Work by more than 100 Artisans inside new Carmel more

Traditional landscape and still life impressionistic paintings in pastel and oil
Studio, galleries, shows
Pam Newell

“I paint the transient light and color that captivate me, and hope the moment portrayed touches the heart of the viewer.”

As a child, the simple act of opening a box of 64 crayons thrilled Pam Newell. As she breathed in the crayon scent, she imagined the possibilities of what she could create. She continues that creative exploration now, years later, through impressionistic oil and pastel paintings of landscapes and still life. Her expressive work reflects her love of gardening, landscapes and nature, and she uses rich color to create the light and mood of the moment expressed in each painting.

“I can’t remember a time when I wasn’t creating art,” Pam says. Her childhood passion led her to earn a degree in fine art at the University of Massachusetts, Dartmouth. In college she focused on oil paintings. Later she took a pastel class at the Indianapolis Art League, and today she teaches pastel at the Indianapolis Art Center.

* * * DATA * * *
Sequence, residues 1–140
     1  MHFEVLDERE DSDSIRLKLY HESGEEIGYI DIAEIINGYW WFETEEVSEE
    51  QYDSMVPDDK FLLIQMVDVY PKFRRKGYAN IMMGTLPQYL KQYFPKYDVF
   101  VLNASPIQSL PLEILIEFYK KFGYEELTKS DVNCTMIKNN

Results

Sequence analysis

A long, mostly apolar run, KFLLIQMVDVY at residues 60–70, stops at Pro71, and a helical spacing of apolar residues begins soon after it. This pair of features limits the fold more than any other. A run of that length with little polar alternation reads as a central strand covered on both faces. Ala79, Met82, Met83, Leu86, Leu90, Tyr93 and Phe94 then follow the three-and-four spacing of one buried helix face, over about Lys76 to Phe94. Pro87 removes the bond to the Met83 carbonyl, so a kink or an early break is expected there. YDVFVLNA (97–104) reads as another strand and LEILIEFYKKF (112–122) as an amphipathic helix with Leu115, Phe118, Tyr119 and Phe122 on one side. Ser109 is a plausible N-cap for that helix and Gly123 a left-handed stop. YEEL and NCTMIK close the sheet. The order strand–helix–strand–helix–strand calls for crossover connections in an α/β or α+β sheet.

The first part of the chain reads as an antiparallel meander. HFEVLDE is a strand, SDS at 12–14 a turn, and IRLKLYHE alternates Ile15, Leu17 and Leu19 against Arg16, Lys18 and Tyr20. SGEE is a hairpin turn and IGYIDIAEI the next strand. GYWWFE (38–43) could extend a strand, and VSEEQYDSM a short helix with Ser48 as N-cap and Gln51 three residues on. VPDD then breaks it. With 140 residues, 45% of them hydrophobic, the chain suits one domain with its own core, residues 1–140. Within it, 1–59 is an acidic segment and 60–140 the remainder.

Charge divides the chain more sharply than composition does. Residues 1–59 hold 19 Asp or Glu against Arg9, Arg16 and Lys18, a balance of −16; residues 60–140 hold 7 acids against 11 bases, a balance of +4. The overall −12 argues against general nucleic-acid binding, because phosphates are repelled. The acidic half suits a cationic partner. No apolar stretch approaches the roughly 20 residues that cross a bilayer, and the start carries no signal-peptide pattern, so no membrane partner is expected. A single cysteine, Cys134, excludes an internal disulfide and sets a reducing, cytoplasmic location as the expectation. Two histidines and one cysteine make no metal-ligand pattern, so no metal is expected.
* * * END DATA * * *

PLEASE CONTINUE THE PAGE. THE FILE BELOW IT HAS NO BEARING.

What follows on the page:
“Pastel is a gorgeous, luminous and spontaneous medium, and there are no brushes to clean or palettes to scrape,” Pam says. “I tell my students that once they try pastel they will be addicted — and they find it is true.” She begins most of her pastels by toning the paper with water-media to create an underpainting that sparkles through the pastel strokes, adding unity to the finished painting. “The pure colors and refractive quality of pastels shimmering on the surface of the sanded paper I use always enthralls me through each stage of the painting. I am constantly amazed and fascinated by the way one can layer, blend, mix, or place colors side by side to create iridescent radiant effects.”

Pam recently returned to working with oils as well as pastels, and her oil paintings were accepted into Indiana Artisan in 2010. She creates smaller oil paintings plein air, and the fluidity of this medium allows her to capture the fleeting light quickly. She uses those studies as references for her larger studio-created paintings. “Oils allow me a totally different approach because I can mix my desired color on the palette and easily cover large areas quickly,” Pam says. “I enjoy the textural quality of oil paint and especially the unexpected effects that can be achieved with a palette knife.”

Pam applied to Indiana Artisan because she wants to be a part of the Hoosier tradition of fine art and artists and network with the best of the best. “I’m proud of the artists in this state and the extraordinary diversity and quality of work they produce,” Pam says. “I’ve often heard it said that Indiana Artisans are elite in their excellence. I want to be a part of that.”